Eyeing new spy tech, Mossad says it will pump money into startups

Intelligence agency will invest in technologies, forgoing stake in firm or IP, in return for license to use developments

The Mossad stand at Cybertech 2017 (Courtesy: Gilad Kavalerchik)
The Mossad stand at Cybertech 2017 (Courtesy: Gilad Kavalerchik)

Israel’s intelligence agency, the Mossad, said Tuesday it was setting up a technological innovation fund that will help the agency meet existing and future challenges by tapping into the knowledge generated by startup companies.

Technology is already one of the organization’s main growth engines, the Mossad said. The new fund, called Libertad, will be an additional arm of the Mossad’s technological force buildup.

The agency said it will not expect to receive a stake in the firms into which it will inject funds, and there will be no restrictions on the intellectual property (IP) of the technologies developed, which will belong to the startup. The Mossad will also not require royalty payments from the companies. In return for the investment, however, the Mossad will get a license to use the technology developed.

“It’s a new model we developed that enables the Mossad to pay for technology development and license intellectual property from technology companies,” explained Eli Groner, the director-general of the Prime Minister’s Office, who has worked together with the Mossad on the project for over a year.

Typically the Mossad will invest up to NIS 2 million, or some $500,000, per R&D project, and some larger projects may be approved as well, the agency said in a statement.

“Historically, the Mossad has outsourced technologies. What we’re changing today is that we’re no longer just enabling the Mossad to purchase off-the-shelf products, but rather we’re getting the Mossad involved at the early development stage so that it will have more influence and more degrees of freedom with the technology it licenses,” Groner told The Times of Israel.

“The fund we’re launching today will provide the Mossad with heretofore unprecedented access to Israel’s startup technology ecosystem,” he said, and “will ensure that we retain a qualitative technological advantage for the future.”

The Mossad, the Shin Bet security agency and even the Israeli army are stepping out of the shadows and opening up to working with civilian firms, as greater cooperation is needed to win battles that are moving from the field into the cyber sphere. Earlier this year both the Mossad and the Shabak openly took part in a cyber event in Tel Aviv to recruit new talent for their technology units. They are also struggling to retain skilled employees, as the tech sector of the startup nation and its high salaries are drawing the best of talent.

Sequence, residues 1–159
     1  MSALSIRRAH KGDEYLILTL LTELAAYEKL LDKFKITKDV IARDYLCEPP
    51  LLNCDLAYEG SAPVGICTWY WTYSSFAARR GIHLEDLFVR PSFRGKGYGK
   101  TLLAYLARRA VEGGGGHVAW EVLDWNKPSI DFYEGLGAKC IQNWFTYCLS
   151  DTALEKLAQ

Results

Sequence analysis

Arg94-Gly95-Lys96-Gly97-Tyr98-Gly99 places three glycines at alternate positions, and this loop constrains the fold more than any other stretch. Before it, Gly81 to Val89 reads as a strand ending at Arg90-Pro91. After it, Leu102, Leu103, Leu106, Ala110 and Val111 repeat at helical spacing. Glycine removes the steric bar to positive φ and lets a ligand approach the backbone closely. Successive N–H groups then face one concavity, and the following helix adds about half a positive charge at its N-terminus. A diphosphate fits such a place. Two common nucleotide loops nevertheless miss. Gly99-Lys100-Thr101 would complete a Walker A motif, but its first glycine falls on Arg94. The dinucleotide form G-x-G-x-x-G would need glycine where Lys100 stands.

The Mossad on Tuesday called for companies and entrepreneurs involved in cutting-edge technological R&D to submit proposals for funding.

“This is great for startup nation,” Koby Simana, the head of Tel Aviv based IVC-Research Center, which tracks Israel’s high tech industry, said by phone. “Most of these kinds of organizations had been developing most of their products in-house. Now they are more open to cooperation with third parties and it will benefit all sides, because they have specific needs. They can test the technologies and become an additional customer for civilian technologies.”

The Mossad said its areas of interest are: robotic technologies in the various fields for use at land, sea, and air; energy and battery technologies; tools to allow encryption of information at high speeds; software to identify personality traits, for the purpose of personality profiling, based on online behavior and activity; machine learning and automation to help summarize documents and catalog and process data in Hebrew and other languages.

The fund, whose name derives from the Latin word freedom, will allow companies and entrepreneurs in Israel the freedom to create their technologies with the help of the Mossad, and will enable the Mossad to bridge technology gaps, the statement said. Libertad is also the name of a ship that carried Jewish emigrants from Bulgaria to Mandatory Palestine in June 1940, the agency said in an explanatory document.

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